Sunday, April 16, 2000

Teams draft ability not citizenship




BY TIM SULLIVAN
The Cincinnati Enquirer

        Character counts. In evaluating prospects for the NFL draft, good citizenship is highly prized.

        It ranks right behind speed, size, strength, agility, toughness, durability, hands, medical history, intelligence, escapability, signability and hip snap. All those things being equal — and they never are — you go with the guy with the shortest rap sheet.

        Otherwise, you take the better talent and you take your chances.

        The Cincinnati Bengals are no different than any of their NFL rivals. They want Boy Scouts, but not as much as they want to win. Despite pending murder cases involving two NFL players, and the league's heightened vigilance on character issues, NFL teams continue to draft for need, not niceness.

        The Bengals' first-round selection of Peter Warrick Saturday, their decision not to trade the disagreeable Corey Dillon and their lack of enthusiasm for the exemplary Shaun Alexander indicates the importance of ability and the relative irrelevance of attitude.

        “Character's important,” said Jim Lippincott, the Bengals pro/college personnel director. “But the more ability, the more you tolerate.”

        Warrick spent 10 hours Tuesday picking up trash, partial payment on his debt to society for the illegal discount he accepted last fall at Dillard's. Dillon's police record is longer, and his personality is more prickly. He has vowed to sit out the first 10 games of the season rather than sign a long-term contract with the Bengals.

        Yet if Mike Brown has any qualms about the sort of people he employs, they are often outweighed by cold calculation. By all accounts, Shaun Alexander is a model citizen and an affable fellow, but the Bengals were not convinced he could get the tough yards between the tackles. When the Boone County High School star was selected by the Seattle Seahawks with the 19th pick in the first round, there were no sobs at Spinney Field.

        Bottom line: The Bengals prefer Dillon, and all his baggage, to nicer people who break fewer tackles. If the Bengals had an opportunity to trade Dillon for the chance to draft a younger running back, they did not take it. Dillon is a proven commodity — a three-time 1,000-yard rusher. College backs, however promising, don't always cut it. (See Carter, Ki-Jana).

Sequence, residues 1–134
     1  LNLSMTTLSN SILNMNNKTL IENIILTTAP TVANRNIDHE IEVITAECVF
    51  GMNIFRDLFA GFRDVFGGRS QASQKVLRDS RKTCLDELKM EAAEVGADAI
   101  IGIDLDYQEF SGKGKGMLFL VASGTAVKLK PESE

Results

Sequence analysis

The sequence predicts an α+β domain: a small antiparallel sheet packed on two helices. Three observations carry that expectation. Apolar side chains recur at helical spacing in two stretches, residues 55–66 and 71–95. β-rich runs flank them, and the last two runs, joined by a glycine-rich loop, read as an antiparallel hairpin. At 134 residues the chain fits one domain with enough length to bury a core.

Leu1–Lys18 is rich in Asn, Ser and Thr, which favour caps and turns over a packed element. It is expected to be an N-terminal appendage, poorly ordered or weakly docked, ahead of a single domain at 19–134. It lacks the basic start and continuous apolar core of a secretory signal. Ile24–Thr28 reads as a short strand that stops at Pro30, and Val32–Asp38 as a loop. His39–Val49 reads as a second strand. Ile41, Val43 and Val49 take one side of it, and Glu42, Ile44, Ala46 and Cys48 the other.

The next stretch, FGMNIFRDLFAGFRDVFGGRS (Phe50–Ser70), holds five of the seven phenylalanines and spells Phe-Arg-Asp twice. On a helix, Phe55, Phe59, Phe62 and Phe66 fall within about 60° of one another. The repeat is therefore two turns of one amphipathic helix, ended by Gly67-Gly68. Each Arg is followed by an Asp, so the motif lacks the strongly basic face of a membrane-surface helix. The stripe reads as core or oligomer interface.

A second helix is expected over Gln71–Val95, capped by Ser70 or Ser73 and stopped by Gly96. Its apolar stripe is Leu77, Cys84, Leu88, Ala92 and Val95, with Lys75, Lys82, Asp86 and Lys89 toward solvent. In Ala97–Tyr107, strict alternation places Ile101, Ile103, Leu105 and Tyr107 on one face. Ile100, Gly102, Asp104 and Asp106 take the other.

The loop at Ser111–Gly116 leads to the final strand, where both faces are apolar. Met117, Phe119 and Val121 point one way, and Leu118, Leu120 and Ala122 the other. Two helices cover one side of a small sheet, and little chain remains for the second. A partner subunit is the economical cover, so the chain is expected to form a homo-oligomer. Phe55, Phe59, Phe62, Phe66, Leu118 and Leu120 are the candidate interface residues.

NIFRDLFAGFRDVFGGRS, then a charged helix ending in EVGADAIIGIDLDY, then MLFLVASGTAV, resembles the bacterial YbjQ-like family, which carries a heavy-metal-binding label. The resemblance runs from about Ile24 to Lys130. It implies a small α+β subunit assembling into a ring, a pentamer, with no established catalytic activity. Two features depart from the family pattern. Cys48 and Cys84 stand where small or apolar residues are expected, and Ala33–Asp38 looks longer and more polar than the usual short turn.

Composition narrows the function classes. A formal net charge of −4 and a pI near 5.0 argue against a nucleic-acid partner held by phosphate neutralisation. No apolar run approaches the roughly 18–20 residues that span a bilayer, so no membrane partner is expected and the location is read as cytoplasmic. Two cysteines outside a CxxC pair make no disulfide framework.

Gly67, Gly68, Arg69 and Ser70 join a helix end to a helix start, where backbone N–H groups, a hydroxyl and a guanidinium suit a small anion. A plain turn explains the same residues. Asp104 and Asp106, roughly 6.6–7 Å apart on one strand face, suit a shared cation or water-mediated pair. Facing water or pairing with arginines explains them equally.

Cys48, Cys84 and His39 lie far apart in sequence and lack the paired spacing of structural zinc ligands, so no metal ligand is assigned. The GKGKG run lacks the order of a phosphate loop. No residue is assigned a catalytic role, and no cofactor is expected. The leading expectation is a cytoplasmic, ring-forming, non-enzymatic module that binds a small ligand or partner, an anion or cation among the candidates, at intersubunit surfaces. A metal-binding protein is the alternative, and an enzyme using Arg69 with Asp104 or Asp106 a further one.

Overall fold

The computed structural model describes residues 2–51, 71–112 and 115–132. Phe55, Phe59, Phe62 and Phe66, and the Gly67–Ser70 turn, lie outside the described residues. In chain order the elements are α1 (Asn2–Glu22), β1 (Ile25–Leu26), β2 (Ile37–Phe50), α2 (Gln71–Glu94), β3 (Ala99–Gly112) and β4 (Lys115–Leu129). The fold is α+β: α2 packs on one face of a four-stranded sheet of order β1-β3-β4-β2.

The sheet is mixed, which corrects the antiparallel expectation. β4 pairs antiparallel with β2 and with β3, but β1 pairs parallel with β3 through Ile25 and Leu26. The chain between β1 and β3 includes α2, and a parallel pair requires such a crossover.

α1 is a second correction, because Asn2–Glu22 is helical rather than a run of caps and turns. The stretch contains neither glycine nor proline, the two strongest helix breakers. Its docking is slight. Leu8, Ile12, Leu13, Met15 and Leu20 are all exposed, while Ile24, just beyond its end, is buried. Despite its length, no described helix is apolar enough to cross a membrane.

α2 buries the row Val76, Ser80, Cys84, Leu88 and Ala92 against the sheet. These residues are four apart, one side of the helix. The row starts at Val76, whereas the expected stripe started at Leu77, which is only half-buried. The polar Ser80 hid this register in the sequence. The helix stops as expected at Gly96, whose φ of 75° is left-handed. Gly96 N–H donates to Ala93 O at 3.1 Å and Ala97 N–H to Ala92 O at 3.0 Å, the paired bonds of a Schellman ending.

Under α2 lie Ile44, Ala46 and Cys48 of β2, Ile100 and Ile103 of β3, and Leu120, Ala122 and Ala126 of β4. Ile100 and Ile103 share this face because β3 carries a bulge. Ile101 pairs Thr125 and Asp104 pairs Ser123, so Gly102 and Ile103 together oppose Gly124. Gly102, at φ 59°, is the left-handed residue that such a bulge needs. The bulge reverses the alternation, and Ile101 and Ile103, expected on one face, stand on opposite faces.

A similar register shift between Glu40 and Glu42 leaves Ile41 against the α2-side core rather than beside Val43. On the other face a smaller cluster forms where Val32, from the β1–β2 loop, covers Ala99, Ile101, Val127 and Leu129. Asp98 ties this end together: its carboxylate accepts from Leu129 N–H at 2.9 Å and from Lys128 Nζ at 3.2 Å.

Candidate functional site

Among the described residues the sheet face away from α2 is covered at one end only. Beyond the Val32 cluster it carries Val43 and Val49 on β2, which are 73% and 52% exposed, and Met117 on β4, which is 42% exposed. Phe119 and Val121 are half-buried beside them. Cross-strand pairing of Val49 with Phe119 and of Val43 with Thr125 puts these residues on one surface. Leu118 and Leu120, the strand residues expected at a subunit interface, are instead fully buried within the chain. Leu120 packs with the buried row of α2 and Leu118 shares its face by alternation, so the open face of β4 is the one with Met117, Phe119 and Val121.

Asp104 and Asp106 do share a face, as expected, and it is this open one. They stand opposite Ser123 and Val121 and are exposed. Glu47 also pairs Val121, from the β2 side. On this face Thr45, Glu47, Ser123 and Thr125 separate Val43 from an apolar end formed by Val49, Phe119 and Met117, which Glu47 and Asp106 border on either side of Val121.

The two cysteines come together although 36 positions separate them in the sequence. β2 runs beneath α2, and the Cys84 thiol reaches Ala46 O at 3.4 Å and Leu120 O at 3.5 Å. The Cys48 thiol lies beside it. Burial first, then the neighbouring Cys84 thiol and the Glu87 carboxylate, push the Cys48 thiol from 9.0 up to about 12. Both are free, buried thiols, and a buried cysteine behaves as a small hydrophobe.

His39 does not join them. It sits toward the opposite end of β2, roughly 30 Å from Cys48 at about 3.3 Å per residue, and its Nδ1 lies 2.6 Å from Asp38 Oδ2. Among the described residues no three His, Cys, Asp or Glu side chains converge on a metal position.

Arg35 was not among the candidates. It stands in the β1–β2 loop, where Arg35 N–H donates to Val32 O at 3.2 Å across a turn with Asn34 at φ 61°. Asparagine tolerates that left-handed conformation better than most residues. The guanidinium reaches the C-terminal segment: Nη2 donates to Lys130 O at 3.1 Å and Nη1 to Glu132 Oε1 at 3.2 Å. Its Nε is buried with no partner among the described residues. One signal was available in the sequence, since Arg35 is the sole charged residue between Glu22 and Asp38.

If Shaun Alexander seemed an ideal fit on the surface — an engaging local guy who excelled at Alabama — he did not stand up to videotape scrutiny. Personality never has scored a point in the NFL.

        “I think teams are starting to pay a little more attention to (character),” said Richard Katz, Alexander's agent. “But we're not there yet. It's hard to say where it's at, but you get tired of the negativity and you get tired of the guys who are in trouble.”

        Were it not for his misdemeanor theft conviction — and a subsequent two-game suspension — Peter Warrick would likely have won the Heisman Trophy last year at Florida State. If his draft standing slipped, however, it was more likely a matter of a disappointing 40-yard dash run than management moralizing.

        “He made a mistake and he owns up to it,” Brown said. “He has paid the penalties. He may have been the Heisman award winner, and to lose that opportunity is a tremendous blow. He has straightened out everything concerning this and we don't have any concerns about him at all. He should be flying straight and flying high.”

        The Dillard's debacle was not Warrick's first police scrape. In July 1998, he was charged with disorderly conduct and resisting arrest — charges that were later dropped. Whether these incidents were the result of youthful indiscretions or criminal inclinations can only be determined by his future conduct.

        Athletic talent is transient. Character is a constant.

        Tim Sullivan welcomes your email at tsullivan@enquirer.com.

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